Puerto Madryn, Argentina
Trip Start Jan 26, 2009
27Trip End Mar 27, 2009
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Monica is a teacher so the journey went very quickly as she gave continuous commentary and provided edification to all of our soup to nuts questions. The journey to the penguin reserve at Punta Tombo was through the Argentine Patagonia. This region is semi arid with low scrub, grasses and sage like bushes: trees were few and far between and the land contour was not unlike the table lands in Arizona.
We only had a few short hours at the penguin reserve and doubtless could have used several more. We were restricted to clearly marked pathways with several bridges over major penguin routes to the sea. Happily the penguins have free range and apparently were not informed about the pathway rule. They also have the right of way so we had to stop often to allow them to play "chicken" and cross the road. Now and again one would remain in the path and allow you to get up front and personal (not sure who was watching whom) but one had to be careful when bending over to photograph these particular individuals because they invariably had a buddy who would creep up to you from behind.
Penguins' pair for life and return each year to the same nest: usually a hollowed out "cave" beside and underneath a bush. The choicest cave homes were, of course, near to the beach while those penguins from the middle class had to walk much further in order to procure food for their family. Astonishingly, some had to walk well one-third kilometre or more to reach the sea. More astonishing yet was the fact that the penguins share their breeding territory with sheep and guanacos in apparent harmony.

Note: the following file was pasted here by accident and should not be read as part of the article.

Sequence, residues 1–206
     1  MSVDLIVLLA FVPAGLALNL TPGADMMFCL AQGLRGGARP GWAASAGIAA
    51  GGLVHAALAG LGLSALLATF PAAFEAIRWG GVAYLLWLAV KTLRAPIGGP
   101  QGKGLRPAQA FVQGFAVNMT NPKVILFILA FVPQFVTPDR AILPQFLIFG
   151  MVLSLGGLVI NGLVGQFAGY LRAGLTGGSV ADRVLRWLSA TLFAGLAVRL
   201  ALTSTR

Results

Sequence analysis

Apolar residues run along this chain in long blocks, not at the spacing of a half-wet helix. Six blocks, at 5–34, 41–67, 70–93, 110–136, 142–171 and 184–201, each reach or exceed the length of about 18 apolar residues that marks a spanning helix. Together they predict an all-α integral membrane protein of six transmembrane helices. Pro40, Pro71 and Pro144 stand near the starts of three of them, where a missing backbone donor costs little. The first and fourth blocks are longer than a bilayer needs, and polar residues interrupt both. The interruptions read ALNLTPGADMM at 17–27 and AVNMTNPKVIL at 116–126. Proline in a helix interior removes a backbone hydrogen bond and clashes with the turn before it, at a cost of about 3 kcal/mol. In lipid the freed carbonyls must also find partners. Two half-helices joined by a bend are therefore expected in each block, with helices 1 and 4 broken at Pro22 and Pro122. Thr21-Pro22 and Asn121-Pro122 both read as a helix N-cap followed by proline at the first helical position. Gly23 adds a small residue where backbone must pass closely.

After leaving the penguin reserve we travelled back towards Puerto Madryn; branching off to the west to visit the beautiful Welsh village of Gaiman. We descended from the plateau into a valley alongside the Rhubut River where descendants of the original settlers from Wales have created a green and bountiful oasis with many canals to irrigate their fields. The residents of this picturesque community are proud Argentines but they also preserve their heritage by teaching Welsh in their schools. Agriculture once dominated Gaiman but today the principal occupation appears to be running tea rooms for visiting tourists. All of the important people have visited Gaiman: even Princess Dianna. We skipped high tea for a much more enjoyable picnic lunch beside the river with Monica.
All too soon our most enjoyable day with Monica had to come to an end and as I write this short note we are once again at-sea and cruising south towards the very tip of South America. It was raining cats and dogs, with a lightning show to boot, early this evening but hopefully we will have clear skies and calm seas for our arrival at Tierra del Fuego around 2 pm tomorrow afternoon.